WHOI Geochemist to be Honored By the American Chemical Society
Senior Scientist John Hayes of the Geology and Geophysics Department at Woods Hole Oceanographic Institution (WHOI) will receive the American Chemical Society's 2003 Geochemistry Division Medal at the group's 225th national meeting in March in New Orleans.
Hayes is being recognized for his contributions to an understanding of organic geochemistry, cosmochemistry, isotope geochemistry and paleoenvironmental analysis. His development of continuous-flow isotope ratio mass spectrometry techniques paved the way for compound-specific isotopic analysis, opened frontiers between isotopic and molecular organic chemistry, bridged the fields of geochemistry and biology and shed new light on modern and ancient biogeochemical processes.
The award, an engraved bronze medallion and cash prize, is presented biennially to an individual for outstanding accomplishment in any area of geochemistry.
Hayes has spent much of his career studying the relative abundances of the isotopes of carbon in organic compounds and refining techniques for examining the cycling of carbon through plants and animals, rocks, the atmosphere and the oceans. His efforts have contributed to understanding the evolution of life on earth and perhaps on other planets.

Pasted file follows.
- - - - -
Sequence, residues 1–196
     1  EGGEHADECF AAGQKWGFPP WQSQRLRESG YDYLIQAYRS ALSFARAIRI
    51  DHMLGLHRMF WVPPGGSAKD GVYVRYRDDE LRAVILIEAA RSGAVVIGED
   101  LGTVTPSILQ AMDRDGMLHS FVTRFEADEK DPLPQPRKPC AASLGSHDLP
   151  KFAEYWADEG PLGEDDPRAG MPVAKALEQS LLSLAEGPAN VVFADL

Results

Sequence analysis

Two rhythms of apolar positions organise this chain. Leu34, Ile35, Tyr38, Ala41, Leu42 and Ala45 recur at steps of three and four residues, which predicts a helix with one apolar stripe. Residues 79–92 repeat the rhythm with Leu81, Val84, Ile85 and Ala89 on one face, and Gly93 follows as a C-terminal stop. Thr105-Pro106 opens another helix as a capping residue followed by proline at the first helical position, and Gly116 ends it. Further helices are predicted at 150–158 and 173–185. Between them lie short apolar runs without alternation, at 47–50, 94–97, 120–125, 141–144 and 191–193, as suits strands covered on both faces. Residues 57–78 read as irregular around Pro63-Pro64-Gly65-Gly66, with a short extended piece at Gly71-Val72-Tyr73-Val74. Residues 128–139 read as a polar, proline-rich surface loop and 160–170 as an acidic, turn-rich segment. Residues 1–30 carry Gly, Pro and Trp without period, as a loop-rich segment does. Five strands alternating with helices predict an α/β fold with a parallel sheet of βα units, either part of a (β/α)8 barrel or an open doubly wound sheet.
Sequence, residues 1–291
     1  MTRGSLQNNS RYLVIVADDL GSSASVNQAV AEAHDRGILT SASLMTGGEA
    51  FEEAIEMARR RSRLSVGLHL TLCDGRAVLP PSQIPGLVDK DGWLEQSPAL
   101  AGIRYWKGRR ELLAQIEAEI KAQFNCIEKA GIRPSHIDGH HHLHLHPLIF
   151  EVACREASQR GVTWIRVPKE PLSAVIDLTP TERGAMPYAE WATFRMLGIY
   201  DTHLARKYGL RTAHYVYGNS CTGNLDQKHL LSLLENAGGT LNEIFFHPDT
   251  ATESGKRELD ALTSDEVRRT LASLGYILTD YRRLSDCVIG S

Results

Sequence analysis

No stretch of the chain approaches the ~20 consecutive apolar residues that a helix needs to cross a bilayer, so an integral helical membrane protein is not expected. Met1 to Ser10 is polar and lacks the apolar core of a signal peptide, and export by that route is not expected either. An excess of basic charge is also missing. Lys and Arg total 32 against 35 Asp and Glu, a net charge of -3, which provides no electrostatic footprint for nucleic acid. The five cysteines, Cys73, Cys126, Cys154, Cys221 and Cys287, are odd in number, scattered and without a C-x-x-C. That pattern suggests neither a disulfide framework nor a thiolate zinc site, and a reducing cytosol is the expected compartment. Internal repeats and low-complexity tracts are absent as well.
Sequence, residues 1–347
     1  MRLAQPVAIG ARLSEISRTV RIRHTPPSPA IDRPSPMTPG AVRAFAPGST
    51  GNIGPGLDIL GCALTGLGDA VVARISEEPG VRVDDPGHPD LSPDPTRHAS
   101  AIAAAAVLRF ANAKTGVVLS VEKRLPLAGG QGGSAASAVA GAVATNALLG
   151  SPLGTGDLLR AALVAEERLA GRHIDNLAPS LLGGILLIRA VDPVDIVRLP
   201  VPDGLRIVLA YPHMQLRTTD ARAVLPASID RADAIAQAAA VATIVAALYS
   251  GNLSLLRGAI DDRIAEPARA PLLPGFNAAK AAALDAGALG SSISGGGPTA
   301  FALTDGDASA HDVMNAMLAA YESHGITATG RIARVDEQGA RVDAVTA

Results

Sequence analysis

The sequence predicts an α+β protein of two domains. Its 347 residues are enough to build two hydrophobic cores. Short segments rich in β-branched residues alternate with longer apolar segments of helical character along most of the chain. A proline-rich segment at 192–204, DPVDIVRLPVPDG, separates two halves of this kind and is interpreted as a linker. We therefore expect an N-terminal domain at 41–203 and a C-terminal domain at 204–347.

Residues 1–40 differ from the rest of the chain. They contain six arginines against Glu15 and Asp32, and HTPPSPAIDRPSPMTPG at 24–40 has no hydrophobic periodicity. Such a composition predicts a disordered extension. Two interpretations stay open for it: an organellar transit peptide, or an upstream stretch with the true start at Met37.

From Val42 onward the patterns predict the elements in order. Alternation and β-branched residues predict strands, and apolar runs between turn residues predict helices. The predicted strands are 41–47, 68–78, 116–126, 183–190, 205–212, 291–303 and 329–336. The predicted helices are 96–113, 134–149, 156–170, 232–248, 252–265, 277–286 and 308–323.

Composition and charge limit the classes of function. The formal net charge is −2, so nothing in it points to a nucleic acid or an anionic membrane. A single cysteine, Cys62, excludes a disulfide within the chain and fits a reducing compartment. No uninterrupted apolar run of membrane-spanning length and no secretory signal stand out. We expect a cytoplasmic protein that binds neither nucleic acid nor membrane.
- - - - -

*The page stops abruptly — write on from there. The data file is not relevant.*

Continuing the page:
John Hayes joined the WHOI staff in 1996 to serve as Director of the National Ocean Sciences Accelerator Mass Spectrometry Facility (NOSAMS) at the Institution. The facility, established in 1989, accurately measures the abundance of carbon-14 in samples ranging from seawater to ocean sediments, corals and microscopic shells called forams. When used for dating, the results provide a precision of plus or minus 30 years for a 10,000-year-old sample. NOSAMS serves the ocean sciences community in the United States and is the only such facility devoted to the oceans among the world's few similar AMS facilities. Hayes, a native of Montana, holds degrees in chemistry from Iowa State University and the Massachusetts Institute of Technology.
WHOI is a private, independent marine research and engineering, and higher education organization located in Falmouth, MA. Its primary mission is to understand the oceans and their interaction with the Earth as a whole, and to communicate a basic understanding of the ocean's role in the changing global environment. Established in 1930 on a recommendation from the National Academy of Sciences, the Institution is organized into five scientific departments, interdisciplinary research institutes and a marine policy center, and conducts a joint graduate education program with the Massachusetts Institute of Technology.